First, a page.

Rating: 4 out of 5
15-year-old psychic detective Claire Voyante’s new semester is not getting off to so great a start. Her best friend Becca is too busy with some old friends of hers to spend much time with Claire. And now Andy, Becca’s older brother and Claire’s crush-slash-somewhat-boyfriend, also seems too busy for her.
Then it turns out that Becca’s actually in a secret society responsible for improvement projects all over NYC, and their latest project is about to go downhill with a mysterious enemy attempting to sabotage their plans. It may be all up to Claire and her psychic dreams to help save the day once again.
This companion novel/sequel to DREAM GIRL does not disappoint at all: Claire and her eclectic group of friends and family are all here again, helping us enjoy the heck out of reading contemporary chick lit mystery with a twist of magic. Lauren Mechling proves once again that fluff reading can also be smart, and that smart girls can read fluff.
The most outstanding thing about this series is its gold medal-worthy characters. Claire is not your average teen chick lit heroine: she’s smart, she’s snarky, and she has a way of narrating that will leave us chuckling and wondering why we didn’t think of it ourselves. Likewise, I’m flabbergasted at the way Lauren writes atypical supporting characters, ones whose existence lies beyond being merely a plot device, or the MC’s loyal, opinion-less sidekick.
In fact, even though DREAM LIFE is at its core a gentle mystery novel, I loved the way everything didn’t revolve around the mystery. As in real life, there is more than one issue in a person’s life, and so it is with Claire. Lauren blends the mystery element with family eccentricities, friends’ troubles, choppy romantic waters, and more, to create a well-rounded, enjoyable, yet utterly relatable tale.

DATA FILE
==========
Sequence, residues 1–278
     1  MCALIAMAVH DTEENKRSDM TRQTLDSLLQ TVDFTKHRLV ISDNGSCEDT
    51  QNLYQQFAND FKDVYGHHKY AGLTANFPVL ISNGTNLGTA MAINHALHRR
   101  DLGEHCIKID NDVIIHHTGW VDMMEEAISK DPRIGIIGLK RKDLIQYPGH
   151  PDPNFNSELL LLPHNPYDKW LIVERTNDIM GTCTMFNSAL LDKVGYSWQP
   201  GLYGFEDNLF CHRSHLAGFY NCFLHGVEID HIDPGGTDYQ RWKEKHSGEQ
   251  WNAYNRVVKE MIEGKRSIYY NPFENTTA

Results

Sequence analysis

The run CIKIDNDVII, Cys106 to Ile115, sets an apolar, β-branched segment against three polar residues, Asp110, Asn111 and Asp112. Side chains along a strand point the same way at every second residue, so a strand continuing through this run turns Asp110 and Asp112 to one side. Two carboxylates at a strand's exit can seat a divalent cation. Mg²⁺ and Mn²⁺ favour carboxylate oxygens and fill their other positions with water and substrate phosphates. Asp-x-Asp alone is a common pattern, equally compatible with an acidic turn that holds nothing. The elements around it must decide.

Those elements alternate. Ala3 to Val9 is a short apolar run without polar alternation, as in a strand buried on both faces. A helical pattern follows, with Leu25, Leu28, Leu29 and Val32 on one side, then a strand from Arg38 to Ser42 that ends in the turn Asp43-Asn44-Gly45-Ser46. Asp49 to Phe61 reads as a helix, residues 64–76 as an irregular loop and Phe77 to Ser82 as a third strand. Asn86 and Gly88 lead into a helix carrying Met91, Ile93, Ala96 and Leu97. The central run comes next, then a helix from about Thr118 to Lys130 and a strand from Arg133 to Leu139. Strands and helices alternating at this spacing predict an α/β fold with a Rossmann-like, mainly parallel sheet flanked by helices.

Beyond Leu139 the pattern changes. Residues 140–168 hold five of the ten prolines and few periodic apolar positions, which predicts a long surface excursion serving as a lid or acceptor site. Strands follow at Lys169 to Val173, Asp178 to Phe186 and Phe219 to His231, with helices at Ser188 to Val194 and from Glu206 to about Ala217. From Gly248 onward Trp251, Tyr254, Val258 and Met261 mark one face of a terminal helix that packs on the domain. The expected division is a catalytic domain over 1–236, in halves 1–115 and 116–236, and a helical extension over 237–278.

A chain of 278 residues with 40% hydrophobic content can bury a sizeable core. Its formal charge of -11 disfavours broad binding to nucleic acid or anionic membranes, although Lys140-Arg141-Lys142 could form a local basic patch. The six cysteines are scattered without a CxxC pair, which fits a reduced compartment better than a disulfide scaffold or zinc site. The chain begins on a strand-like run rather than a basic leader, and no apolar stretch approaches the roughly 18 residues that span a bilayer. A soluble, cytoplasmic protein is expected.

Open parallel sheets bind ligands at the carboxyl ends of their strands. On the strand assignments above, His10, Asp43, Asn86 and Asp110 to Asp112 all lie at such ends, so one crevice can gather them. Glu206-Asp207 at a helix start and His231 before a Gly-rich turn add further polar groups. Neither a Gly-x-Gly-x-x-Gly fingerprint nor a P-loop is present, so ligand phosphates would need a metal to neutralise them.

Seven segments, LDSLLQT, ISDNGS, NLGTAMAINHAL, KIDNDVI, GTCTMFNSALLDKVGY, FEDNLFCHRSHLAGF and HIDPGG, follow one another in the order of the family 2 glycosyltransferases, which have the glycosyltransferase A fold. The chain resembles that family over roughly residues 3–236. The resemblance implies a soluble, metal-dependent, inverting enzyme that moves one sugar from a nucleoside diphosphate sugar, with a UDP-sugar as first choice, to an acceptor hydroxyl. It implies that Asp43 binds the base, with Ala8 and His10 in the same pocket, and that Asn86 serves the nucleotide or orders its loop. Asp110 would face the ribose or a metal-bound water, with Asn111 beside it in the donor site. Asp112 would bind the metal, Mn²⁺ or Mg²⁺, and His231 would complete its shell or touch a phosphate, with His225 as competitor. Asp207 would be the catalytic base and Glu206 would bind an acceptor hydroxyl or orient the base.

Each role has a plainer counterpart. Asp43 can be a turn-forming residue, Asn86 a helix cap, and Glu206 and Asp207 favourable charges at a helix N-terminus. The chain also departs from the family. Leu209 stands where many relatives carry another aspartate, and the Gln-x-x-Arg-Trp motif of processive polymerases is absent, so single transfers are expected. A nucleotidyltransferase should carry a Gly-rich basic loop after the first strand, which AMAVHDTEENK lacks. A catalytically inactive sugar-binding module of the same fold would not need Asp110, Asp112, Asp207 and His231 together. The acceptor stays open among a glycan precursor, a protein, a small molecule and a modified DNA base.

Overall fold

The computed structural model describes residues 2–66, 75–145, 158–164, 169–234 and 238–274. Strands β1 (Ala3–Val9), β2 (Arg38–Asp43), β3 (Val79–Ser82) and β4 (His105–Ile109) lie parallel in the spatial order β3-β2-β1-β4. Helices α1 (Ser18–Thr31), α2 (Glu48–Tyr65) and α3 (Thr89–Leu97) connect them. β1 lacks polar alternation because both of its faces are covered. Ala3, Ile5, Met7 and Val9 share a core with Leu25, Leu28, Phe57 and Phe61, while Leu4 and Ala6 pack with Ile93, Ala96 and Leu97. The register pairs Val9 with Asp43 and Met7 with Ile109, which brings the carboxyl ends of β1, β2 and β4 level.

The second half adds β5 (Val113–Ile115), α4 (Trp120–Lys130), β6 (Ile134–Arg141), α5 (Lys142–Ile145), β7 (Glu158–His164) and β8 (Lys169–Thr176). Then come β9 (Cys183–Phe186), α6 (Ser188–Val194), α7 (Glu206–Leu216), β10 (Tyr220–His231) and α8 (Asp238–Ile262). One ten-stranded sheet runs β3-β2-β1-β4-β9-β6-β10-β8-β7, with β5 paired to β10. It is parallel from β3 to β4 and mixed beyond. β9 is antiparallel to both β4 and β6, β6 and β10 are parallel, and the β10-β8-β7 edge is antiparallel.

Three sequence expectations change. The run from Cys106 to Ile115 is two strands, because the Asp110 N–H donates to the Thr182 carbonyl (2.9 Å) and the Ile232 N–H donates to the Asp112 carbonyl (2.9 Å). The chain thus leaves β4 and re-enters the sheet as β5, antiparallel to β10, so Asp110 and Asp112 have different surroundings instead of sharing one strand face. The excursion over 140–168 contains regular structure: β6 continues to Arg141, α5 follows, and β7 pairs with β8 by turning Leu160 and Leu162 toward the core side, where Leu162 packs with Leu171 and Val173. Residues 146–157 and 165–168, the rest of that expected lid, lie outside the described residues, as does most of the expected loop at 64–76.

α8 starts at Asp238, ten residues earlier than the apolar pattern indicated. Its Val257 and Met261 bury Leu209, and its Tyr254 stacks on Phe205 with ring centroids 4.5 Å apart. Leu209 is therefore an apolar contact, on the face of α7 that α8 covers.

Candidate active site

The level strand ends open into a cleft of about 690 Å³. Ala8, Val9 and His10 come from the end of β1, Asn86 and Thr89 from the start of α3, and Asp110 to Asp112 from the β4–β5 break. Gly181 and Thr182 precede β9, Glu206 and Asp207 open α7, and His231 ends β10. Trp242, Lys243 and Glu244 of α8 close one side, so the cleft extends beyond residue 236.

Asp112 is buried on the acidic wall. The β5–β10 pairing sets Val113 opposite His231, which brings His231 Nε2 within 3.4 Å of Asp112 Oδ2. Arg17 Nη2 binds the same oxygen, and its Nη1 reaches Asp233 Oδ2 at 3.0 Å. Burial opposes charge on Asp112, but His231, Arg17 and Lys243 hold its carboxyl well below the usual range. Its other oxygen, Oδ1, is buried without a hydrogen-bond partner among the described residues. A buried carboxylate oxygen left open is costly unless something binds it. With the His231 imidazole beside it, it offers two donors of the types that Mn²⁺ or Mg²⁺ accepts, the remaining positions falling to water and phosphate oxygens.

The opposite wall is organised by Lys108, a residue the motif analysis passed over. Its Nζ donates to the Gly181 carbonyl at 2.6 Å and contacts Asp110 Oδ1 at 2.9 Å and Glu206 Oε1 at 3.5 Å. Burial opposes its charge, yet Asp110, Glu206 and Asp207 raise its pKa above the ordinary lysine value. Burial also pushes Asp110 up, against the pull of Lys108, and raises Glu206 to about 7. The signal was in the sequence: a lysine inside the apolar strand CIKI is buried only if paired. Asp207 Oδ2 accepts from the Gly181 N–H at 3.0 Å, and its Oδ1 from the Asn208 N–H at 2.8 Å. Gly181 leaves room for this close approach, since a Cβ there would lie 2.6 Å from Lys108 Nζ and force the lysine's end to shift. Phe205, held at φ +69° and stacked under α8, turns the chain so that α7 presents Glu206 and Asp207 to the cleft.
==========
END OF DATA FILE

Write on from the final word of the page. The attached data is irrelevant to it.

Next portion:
Similar to DREAM GIRL, the mystery aspect of this novel requires a bit of suspension of disbelief in order to believe. Secret society novels are rather overdone, and the creed of the one in DREAM LIFE is, well, a little silly and ridiculous. Still, one cannot deny Lauren’s skill at writing these novels. If you haven’t yet read this series, I highly recommend you pick it up. As far as lighthearted yet intelligent fluffy mysteries go, you can’t get much better than this.
[You can also read my review of Dream Girl]
Natalie Standiford (How to Say Goodbye in Robot)
Overall Rating: 4 out of 5
Cover discussion: 2.5 out of 5 - Okay, okay, it still looks really weird IMO, but at least we've disposed of the excessively girly colors now. The cover has very little to do with what the book is about, and it's one of those cases where you need to overlook appearances for the genius that is inside.
Delacorte / Jan. 12, 2010 / Hardcover / 336pp. / $16.99
Thanks, Lauren and Random House, for providing me with a copy for review!
And now, a few words from the star herself...
Greetings and salutations, book lovers! I’m Claire Voyante, the main character of Dream Life, Lauren Mechling’s rip-roaring detective novel (and no, it is not immodest to say that about a book you didn’t write but in which you star—I checked in one of my grandmother Kiki’s etiquette books).
Dream Life is all about what happened after I found out my best friend Becca had just joined a super-exclusive, centuries-old secret society called the Blue Moons. I figured out how to wiggle my way into the club, and, of course, much drama ensued. I warmly invite you to check Dream Life out—it’s available at a bookstore or Internet site near you.